Causes and Risk Factors
According to the National Sleep Foundation, 18 million Americans have sleep apnea, with obstructive sleep apnea being vastly more common than both central and mixed sleep apnea. Obesity is the most common cause of sleep apnea, as there is a direct correlation between an excess in body weight and the amassment of soft tissue in the mouth and throat that slackens during sleep to block airflow. Less common causes include tumors or other abnormal growths inside the throat or airway that can inhibit normal breathing. Certain birth defects, such as Down syndrome and Pierre-Robin syndrome, may also result in sleep apnea due to weaker muscle tonnage in the upper airway and physiological abnormalities in the mouth and throat.
Men are at a greater risk of suffering from sleep apnea than are women, and African-Americans, Pacific-Islanders, and Hispanics bear greater risks than do other ethnicities. Certain physiological features are also risk factors, such as having a large overbite, a recessed chin, a small jaw, or a large neck. Behavioral risk factors include smoking and alcohol use. Estimates hold that a minimum of 2-3% of children suffers from sleep apnea, with that figure climbing to 10-20% among children who regularly snore. Those at the greatest risk, in terms of age, are persons over 40.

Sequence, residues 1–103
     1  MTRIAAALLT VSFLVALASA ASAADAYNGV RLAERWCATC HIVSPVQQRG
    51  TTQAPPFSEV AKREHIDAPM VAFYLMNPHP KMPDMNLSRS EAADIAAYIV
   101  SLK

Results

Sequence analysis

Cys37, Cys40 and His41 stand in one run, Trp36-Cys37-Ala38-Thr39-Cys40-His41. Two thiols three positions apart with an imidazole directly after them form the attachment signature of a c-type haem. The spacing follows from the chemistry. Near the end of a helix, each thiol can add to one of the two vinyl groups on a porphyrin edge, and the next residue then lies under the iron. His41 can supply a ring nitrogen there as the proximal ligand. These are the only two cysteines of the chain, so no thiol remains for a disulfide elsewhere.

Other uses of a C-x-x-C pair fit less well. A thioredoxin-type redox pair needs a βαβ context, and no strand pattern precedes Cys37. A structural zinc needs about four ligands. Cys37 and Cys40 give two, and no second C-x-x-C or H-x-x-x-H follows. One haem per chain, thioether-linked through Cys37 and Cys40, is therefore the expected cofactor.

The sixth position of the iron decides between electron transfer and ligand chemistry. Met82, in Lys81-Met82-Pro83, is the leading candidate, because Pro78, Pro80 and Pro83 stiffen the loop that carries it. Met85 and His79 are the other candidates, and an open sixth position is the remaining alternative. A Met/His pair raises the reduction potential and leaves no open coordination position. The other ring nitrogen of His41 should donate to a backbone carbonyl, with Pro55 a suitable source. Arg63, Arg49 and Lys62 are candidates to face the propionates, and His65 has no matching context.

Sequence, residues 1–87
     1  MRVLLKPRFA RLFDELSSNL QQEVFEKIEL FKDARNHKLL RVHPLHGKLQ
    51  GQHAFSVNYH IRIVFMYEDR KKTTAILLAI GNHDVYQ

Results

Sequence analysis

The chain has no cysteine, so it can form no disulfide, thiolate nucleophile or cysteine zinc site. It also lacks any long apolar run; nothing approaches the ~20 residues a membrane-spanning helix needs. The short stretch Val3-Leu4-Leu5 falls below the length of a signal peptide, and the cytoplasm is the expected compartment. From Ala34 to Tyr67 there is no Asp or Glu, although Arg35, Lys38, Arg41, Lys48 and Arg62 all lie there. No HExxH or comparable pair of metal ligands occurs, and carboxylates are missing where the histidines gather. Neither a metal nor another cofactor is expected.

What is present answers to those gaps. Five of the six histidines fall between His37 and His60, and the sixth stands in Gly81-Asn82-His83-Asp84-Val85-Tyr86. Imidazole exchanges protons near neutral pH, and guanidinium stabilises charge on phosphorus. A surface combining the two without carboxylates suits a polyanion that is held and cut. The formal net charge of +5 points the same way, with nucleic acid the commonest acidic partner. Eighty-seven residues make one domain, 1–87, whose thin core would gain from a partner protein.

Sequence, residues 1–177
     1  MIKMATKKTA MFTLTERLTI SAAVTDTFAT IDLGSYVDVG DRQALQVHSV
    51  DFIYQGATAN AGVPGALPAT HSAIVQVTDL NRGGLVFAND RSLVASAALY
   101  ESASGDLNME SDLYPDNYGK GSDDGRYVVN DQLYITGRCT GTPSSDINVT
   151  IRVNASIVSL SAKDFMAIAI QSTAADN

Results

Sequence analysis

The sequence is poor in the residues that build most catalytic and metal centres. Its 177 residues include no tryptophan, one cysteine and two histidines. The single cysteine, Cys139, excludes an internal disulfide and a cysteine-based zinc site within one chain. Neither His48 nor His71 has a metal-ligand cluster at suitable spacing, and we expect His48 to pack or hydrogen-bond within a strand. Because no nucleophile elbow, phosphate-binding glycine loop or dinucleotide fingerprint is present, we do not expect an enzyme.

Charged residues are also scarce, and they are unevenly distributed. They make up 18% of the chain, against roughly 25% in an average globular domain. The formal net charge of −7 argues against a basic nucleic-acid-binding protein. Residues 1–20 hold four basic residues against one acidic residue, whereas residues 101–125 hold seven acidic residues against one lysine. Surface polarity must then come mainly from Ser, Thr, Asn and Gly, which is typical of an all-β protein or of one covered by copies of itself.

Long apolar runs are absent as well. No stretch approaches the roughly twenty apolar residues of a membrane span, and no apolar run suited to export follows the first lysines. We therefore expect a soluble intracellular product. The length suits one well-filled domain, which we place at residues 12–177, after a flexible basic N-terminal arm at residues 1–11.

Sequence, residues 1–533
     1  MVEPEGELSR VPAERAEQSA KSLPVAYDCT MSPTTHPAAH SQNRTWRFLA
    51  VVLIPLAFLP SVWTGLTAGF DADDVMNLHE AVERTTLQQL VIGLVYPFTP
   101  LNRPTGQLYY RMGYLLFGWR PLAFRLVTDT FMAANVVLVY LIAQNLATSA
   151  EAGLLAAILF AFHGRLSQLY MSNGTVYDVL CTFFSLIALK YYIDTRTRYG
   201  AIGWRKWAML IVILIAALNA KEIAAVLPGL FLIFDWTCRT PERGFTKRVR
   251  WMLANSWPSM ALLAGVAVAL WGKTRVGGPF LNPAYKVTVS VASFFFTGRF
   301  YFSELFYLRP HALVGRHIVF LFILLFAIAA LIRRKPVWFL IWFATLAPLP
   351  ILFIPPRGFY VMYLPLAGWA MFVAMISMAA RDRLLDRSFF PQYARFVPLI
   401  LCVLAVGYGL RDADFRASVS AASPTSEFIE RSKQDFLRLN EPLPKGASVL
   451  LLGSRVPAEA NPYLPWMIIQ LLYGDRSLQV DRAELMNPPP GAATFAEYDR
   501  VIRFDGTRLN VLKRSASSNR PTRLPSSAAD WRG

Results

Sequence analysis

The many symptoms of sleep apnea—persistent fatigue, waking up gasping for air, loud snoring, morning headaches, and dry mouth—can come and go, making the disorder difficult to diagnose. Many individuals will go months or years at a time before reporting their symptoms to a physician. Because the symptoms of sleep apnea vary and may be attributable to other conditions, a sleep laboratory study or home sleep study is required to properly diagnosis the presence and severity of sleep apnea.
Continuous Positive airway pressure therapy, usually administered through the use of a nighttime mask, is the most commonly used treatment method for sleep apnea. In many cases, however, obtaining the needed level of compliance from the patient for this type of treatment proves exceedingly difficult. Studies show patients use the PAP mask just 50% of the time – and otherwise elect to suffer through their sleep apnea, while continuing to develop significant health liabilities.